Nobel Peace Prize winners awarded for mental health


October 10th turned out to be a red-letter day for mental health. It was the day that the annual Nobel Peace Prize winners were announced as well as the annual World Mental Health Day.

Besides what the prize winners have done to foster peace, they've also done a great deal for mental health. And they've done it at risk for their own mental health.

The youngest winner ever at age 17, Malala Yousafzai is more well-known after being shot in the head by the Taliban two years ago for promoting education for girls in Pakistan. Now living and attending school in England, she has become a leading worldwide spokesperson. While we don't know if she suffers from any PTSD symptoms from the shooting and its aftermath, she already seems to have reached the top of Maslow's hierarchy of psychological needs, that being self-actualization.

Sixty years old and from India, Kailash Satyarthi has courageously headed peaceful demonstrations protesting the exploitation of children for financial gain. In 1980, he gave up a career as an electrical engineer to do his advocacy work in becoming self-actualized.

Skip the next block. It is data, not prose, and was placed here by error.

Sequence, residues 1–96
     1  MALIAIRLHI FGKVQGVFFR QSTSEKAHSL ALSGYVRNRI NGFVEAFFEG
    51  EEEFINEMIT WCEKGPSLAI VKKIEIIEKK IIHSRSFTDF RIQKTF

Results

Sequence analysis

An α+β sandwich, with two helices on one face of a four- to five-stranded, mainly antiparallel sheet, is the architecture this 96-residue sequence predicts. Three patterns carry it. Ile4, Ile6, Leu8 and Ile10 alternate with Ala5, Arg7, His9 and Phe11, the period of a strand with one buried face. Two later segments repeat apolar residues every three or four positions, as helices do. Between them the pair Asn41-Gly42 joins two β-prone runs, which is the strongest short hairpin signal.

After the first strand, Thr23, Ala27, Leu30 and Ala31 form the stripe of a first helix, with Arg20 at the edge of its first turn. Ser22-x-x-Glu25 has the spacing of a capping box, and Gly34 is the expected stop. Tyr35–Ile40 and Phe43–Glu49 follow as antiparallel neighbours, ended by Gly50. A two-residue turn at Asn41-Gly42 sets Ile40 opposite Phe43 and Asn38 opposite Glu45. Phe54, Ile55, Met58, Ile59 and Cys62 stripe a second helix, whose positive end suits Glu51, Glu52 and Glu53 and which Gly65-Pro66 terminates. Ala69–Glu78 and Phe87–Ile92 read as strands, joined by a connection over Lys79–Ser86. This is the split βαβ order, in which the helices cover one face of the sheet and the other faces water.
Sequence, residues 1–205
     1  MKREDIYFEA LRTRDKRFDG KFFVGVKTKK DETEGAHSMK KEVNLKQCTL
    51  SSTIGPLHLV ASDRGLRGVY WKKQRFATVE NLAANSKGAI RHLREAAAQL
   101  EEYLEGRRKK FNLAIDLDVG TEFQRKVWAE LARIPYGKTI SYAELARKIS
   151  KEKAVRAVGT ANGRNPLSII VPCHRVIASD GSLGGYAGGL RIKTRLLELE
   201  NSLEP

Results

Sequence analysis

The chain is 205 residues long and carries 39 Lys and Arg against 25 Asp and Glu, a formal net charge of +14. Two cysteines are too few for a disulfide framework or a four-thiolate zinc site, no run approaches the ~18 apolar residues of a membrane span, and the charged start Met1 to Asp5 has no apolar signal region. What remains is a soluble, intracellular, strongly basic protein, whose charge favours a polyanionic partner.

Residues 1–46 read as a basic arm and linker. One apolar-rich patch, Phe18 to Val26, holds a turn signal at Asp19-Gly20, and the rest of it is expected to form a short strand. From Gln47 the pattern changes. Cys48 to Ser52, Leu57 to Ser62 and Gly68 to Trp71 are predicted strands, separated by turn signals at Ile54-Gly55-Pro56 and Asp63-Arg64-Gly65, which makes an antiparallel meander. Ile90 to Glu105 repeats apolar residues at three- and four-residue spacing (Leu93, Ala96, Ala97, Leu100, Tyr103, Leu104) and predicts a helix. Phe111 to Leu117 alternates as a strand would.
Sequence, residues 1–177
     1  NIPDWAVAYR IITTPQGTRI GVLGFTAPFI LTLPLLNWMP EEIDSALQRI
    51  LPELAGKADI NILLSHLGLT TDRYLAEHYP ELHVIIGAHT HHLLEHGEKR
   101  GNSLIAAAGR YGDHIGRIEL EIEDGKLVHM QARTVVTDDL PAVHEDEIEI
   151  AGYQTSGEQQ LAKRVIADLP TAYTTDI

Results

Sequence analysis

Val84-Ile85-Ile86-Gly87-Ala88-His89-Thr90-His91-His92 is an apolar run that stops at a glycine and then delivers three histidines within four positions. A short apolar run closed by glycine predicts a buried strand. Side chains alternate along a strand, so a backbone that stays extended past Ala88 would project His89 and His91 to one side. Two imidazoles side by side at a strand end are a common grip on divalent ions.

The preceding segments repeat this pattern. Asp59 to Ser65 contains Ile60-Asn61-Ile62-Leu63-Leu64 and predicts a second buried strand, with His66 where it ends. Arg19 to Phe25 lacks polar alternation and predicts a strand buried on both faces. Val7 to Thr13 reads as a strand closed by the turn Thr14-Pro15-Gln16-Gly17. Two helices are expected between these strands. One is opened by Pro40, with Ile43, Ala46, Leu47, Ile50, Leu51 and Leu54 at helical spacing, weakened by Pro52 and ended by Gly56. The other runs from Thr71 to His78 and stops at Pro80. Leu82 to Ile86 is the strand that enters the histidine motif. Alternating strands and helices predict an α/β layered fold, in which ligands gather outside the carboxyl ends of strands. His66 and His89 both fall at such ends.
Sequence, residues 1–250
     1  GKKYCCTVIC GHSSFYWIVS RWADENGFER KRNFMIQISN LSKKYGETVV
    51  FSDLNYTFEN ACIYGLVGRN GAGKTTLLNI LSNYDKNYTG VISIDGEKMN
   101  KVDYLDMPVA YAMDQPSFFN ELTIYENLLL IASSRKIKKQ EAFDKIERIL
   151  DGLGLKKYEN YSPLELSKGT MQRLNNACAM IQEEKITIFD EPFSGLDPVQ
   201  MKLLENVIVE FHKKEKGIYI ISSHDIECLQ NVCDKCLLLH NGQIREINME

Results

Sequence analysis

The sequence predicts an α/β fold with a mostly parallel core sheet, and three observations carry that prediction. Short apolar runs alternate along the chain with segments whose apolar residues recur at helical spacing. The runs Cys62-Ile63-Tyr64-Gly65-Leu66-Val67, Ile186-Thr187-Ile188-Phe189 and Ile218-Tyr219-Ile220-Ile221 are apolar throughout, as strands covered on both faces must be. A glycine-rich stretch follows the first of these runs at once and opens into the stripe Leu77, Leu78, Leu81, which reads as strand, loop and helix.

World Mental Health Day was established by the Mental Health Foundation and the World Health Organization. In an elaboration of Freud's definition of being able to love and work, they define mental health as a state of well-being in which people can reach their potential, cope with the usual stress of life, work productively and make a contribution to society. All of these criteria can be checked off for the co-winners. Moreover, besides their own mental health, their work is helping children all over the world to be mentally healthy.

Their selections also have implications for all leaders who try to foster mental health, whether in mental healthcare institutions, families or countries. The best work leadership situation I ever was involved in was being co-leader of a community mental health center with an female African-American social worker. Though the Nobel Peace Prize winners don't literally work together, they figuratively work together for education and against extremism.

Together, they connect many other important differences:
- A Hindu and a Muslim;
- An Indian and a Pakastani;
- A man and a woman; and
- A youth and an elder.

Clearly, they are real life examples of making the mythical heroic journey that the late Joseph Campbell wrote about. They should provide inspiration to us all in behavioral healthcare.

Courtesy: Behavioral.net
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